The Translational Cardiac Stem Cell Research Program prepares participants for future success


The Translational Cardiac Stem Cell Research Program studies the role of stem cells in treating diseases like cardiovascular disease, neurodegenerative disease, and cancer. The program is directed by Yerem Yeghiazarians, MD, an interventional cardiologist and associate director Kurosh Ameri, PhD, an associate researcher. The program gives undergraduates and graduates the opportunity to train and collaborate with an outstanding team of researchers.

Raffi Samurkashian
Raffi Samurkashian

Raffi Samurkashian is an undergraduate student at the University of California, Davis majoring in biomedical engineering. Raffi has participated in the Translational Cardiac Stem Cell Lab since 2015 when he was in high school, and he says his experience in the lab has helped him advance in his academic career. Dr. Yeghiazarians and Kurosh helped Raffi get his first paper published. They also wrote letters of recommendation for Raffi as he submitted applications for graduate school. The graduate school application process can be complicated, and Raffi was able to look to other lab members for advice. 

Raffi says one of the most important things he learned was the ability to independently solve problems and come up with solutions.

“I have stared down a lot of dead ends with my project over the past few years, but with the constant support of my lab members and the skills, I have acquired since beginning my research…I have always been able to keep my research moving forward.”

Raffi was accepted to his top school of choice, Johns Hopkins University, in addition to being accepted to UC Davis, UCLA, UCSD, UC Berkeley, Cornell, Duke, and University of Pennsylvania. He will be attending classes starting this fall in the MSE program in bioengineering with a focus on translational cell and tissue engineering. He says the research he did at the Translational Cardiac Stem Cell Lab made him stand out among other applicants.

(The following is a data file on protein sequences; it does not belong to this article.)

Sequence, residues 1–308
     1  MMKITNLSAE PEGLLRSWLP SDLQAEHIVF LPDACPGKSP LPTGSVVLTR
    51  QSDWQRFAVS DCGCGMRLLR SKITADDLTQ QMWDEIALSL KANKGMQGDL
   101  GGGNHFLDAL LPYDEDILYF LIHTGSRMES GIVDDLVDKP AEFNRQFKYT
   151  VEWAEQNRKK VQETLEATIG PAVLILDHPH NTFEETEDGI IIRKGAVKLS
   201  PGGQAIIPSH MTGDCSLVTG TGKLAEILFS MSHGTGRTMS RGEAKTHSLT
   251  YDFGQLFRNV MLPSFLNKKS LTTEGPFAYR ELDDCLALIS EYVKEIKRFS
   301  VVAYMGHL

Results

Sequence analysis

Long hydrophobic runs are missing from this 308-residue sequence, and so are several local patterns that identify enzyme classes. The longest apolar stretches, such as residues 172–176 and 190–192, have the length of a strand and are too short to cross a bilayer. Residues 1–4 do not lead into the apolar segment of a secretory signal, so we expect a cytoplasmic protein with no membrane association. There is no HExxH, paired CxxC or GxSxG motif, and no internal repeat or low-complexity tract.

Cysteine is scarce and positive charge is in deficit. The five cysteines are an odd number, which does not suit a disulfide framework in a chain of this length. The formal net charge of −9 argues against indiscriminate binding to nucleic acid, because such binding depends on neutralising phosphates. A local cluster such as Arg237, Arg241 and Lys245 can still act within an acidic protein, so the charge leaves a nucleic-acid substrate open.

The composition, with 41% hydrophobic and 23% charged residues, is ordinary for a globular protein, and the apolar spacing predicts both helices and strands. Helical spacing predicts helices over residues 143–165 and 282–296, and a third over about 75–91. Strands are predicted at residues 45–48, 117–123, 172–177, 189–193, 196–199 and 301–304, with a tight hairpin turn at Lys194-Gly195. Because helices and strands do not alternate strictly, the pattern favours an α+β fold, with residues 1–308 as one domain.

“Just from conversations with both members of our lab and members of other labs, I have learned so much about the field, and it has definitely changed my outlook on the future of medicine.”

Maxwell fredkin
Maxwell Fredkin

Maxwell Fredkin started participating in the Translational Cardiac Stem Cell Lab in April 2018. After graduating from the University of California, Berkeley, and working in business development, Maxwell felt the pull to discover a more meaningful vocation, so he decided to further pursue his interest in science. Maxwell found the Translational Cardiac Stem Cell Lab different from other labs he has worked in because of the breadth of diverse research studies. He was able to gain great exposure from observing the distinct work of his colleagues. 

“Working in the lab really crystalized my interest in healthcare,” said Maxwell. “Yerem encouraged me to explore my own interests and was so generous with his time. He helped me think outside the box.”   

Maxwell is now working for one of the largest healthcare organizations in the world and he says that without this experience, he wouldn’t have been as prepared for his career.

“The lab was an amazing learning opportunity, and it made me realize that industries are looking for people with hands-on experience.”

For Maxwell, the biggest gain was uncovering a passion for science and healthcare and translating that passion into a meaningful career.

To learn more about the Translational Cardiac Stem Cell Research Program, click here